The key skill set I have learned is time management. You have to learn how to be your own project manager, being mindful of your time is critical in the program. For example, one research assignment is due within two weeks; therefore you cannot procrastinate until the night before. That was a mistake I do not intend to make again. Every assignment takes a lot of time and thorough effort. This is not like undergrad! But ever since that assignment has passed, I got a planner and I made sure I had enough time for each assignment and that I will not miss a deadline.
[MastersinCommunications.com] Could you please describe your experience completing your capstone project? What communication issue or challenge did it address, and what were your primary deliverables (i.e. communications plan, tutorial, video, visual marketing materials, etc.)? What advice do you have for students in terms of successfully completing their project?
[Katheryn Kim] My experience for capstone is an interesting case for sure. There was a café I really liked; it was brand new, they were under just a year in business. I presented my pitch to them in taking them as my client, and they agreed immediately. Throughout the project, there were constant changes of direction for the business. For example, they wanted to market heavily on their new idea of bringing a bar to the other side of the café. I did not agree with that idea, but I went ahead and did the research. Within six weeks into the project I have conducted interviews and surveys, using Statista, Mintel, and Google. After I got the research done, the client decided to change direction on the business by focusing on the café. My advisor met with me on a bi-weekly basis to aid me in the right direction and after hearing the constant changes, I had to bring this matter to my professor.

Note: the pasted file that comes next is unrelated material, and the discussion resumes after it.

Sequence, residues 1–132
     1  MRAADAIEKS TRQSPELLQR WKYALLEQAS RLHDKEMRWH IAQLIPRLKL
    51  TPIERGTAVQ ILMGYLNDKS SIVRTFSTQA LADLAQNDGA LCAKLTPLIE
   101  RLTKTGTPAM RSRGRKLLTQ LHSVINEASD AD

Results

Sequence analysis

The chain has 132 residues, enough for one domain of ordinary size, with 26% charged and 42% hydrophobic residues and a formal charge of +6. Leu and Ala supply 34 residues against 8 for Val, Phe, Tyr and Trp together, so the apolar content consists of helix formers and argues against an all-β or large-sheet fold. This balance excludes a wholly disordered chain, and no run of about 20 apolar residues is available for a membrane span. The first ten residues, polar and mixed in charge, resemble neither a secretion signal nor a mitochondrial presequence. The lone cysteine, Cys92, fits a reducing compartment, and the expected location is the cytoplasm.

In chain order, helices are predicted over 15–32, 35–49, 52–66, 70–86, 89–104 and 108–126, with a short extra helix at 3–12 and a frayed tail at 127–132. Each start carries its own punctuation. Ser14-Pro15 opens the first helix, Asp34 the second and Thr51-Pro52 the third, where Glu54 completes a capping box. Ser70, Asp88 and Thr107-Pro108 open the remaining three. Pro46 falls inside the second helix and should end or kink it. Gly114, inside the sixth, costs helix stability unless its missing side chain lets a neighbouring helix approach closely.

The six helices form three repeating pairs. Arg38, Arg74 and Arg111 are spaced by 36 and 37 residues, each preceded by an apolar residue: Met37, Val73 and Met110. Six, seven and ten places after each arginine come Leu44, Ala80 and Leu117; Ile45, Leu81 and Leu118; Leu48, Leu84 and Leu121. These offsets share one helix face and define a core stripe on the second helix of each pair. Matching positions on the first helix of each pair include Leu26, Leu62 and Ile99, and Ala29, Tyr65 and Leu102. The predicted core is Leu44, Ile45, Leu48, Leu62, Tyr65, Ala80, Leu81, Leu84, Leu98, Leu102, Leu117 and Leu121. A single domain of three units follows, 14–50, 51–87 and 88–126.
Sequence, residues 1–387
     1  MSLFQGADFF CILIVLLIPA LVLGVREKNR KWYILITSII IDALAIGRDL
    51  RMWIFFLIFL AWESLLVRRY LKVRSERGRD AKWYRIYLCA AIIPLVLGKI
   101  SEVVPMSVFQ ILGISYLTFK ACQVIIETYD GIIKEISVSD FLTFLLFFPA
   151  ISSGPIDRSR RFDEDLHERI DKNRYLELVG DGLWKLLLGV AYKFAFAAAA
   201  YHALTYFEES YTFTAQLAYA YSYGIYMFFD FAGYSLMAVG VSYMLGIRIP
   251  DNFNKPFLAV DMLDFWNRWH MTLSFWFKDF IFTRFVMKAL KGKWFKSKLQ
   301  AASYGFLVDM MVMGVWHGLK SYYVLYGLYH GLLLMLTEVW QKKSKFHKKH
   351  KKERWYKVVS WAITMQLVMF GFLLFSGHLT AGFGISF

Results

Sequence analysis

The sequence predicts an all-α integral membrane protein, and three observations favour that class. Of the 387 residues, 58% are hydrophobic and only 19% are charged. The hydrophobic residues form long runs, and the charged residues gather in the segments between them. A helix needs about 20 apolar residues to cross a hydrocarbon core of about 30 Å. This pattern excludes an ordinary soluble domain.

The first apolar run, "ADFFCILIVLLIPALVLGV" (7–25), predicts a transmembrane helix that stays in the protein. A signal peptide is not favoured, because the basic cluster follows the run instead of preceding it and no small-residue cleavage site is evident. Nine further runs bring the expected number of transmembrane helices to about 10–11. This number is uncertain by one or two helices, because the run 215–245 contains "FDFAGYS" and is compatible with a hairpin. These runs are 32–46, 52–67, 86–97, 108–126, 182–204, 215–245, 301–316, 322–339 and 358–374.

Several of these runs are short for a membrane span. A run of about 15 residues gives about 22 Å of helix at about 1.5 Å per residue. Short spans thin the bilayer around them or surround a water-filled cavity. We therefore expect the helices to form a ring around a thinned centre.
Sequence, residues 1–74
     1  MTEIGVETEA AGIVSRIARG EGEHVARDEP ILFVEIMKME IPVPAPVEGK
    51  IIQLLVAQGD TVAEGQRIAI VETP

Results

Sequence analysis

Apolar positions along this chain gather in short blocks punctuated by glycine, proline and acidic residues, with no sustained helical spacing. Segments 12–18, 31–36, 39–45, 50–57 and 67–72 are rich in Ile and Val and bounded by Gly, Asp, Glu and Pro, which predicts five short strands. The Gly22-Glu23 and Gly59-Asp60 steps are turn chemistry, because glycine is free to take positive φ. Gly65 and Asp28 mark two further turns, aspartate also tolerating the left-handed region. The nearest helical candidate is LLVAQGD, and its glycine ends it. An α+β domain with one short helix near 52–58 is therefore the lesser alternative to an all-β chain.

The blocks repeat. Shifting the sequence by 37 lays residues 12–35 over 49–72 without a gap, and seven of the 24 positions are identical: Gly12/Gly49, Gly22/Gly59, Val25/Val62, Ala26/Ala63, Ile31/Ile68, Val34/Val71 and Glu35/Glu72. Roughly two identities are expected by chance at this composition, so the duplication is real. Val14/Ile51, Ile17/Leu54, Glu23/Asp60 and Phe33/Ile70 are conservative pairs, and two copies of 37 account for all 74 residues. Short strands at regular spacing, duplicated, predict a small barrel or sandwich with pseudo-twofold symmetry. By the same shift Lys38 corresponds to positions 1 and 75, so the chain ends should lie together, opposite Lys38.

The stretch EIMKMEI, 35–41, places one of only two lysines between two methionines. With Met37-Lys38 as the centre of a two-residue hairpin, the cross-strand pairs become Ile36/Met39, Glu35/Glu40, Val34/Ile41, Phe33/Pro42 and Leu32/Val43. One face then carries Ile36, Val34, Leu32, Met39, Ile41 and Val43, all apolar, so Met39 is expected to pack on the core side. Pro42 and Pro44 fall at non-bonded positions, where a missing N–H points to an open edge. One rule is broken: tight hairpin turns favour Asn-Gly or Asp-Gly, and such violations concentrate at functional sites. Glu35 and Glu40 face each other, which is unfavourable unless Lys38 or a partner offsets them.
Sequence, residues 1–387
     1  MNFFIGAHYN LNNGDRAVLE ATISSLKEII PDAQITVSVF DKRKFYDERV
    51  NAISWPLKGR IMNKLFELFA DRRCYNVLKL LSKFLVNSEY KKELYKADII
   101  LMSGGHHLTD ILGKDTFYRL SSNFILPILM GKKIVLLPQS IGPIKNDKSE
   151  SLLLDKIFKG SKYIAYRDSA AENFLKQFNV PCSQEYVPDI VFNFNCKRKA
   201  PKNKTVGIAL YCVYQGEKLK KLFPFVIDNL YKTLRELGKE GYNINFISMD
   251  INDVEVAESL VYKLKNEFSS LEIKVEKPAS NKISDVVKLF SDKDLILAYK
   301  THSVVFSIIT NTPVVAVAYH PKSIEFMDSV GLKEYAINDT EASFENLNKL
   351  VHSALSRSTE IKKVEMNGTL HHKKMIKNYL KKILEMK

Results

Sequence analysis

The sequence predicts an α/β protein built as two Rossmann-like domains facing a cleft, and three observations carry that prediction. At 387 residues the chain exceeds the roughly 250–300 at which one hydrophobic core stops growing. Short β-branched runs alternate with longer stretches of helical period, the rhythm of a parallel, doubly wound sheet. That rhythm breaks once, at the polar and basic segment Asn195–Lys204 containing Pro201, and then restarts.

In conclusion, the business closed within two weeks of my final day in capstone. I spoke with my advisor and my professor and the best choice was to go ahead and still present to my faculty and my colleagues; cause the show must go on.
[MastersinCommunications.com] What key takeaways, experiences, or connections from Georgetown’s MPS in Integrated Marketing Communications program have you found to be the most helpful for you in your career path?
[Katheryn Kim] From my experience in the program, the foundation courses were the most beneficial. I have learned so much in Brand Concept, Consumer Research, and IMC Strategy. These courses helped me tremendously for my capstone. Without them, I would have not met the expectations of this program and received my degree. Georgetown has helped introduce me to the latest developments in communication technology, I just wished that I had more time in the program to take more courses within this realm. But I do still use the IMC campaign 10-step strategy to my professional career when I plan a strategic plan for the company.
My second takeaway is the connections I have met through the program. The students in the program are within a similar career path. I have met the most bright-minded people here and everyone thinks differently, therefore it brings dynamic conversations to the table.
[MastersinCommunications.com] What advice would you give students just starting Georgetown University’s Master of Professional Studies in Integrated Marking Communications program? More broadly, what advice would you give students who are either considering or starting a master’s in communication program, whether it be at Georgetown or another university?
[Katheryn Kim] I would say to prospective students who are considering a master’s in communication program to “take your time with the program.” Most students at Georgetown are full-time career professionals. Therefore, taking classes after your 9-to-5 job can be mentally draining. One semester, I had taken three classes, making me a full-time student. Not only was I not performing my best, I was mentally drained to the point where I was not taking care of myself. It was the worst semester I have ever done, based on my grades. The following semester, I decided to take only two classes and I could handle the rest of my life so much better.
So, take your time. At Georgetown, they give you up to six years to finish the program. Everyone has a different timeline; don’t try to catch up to someone else, because at the end of the day you will receive that same degree.
Thank you, Ms. Kim, for your excellent insights on Georgetown University’s Master of Professional Studies in Integrated Marking Communications program!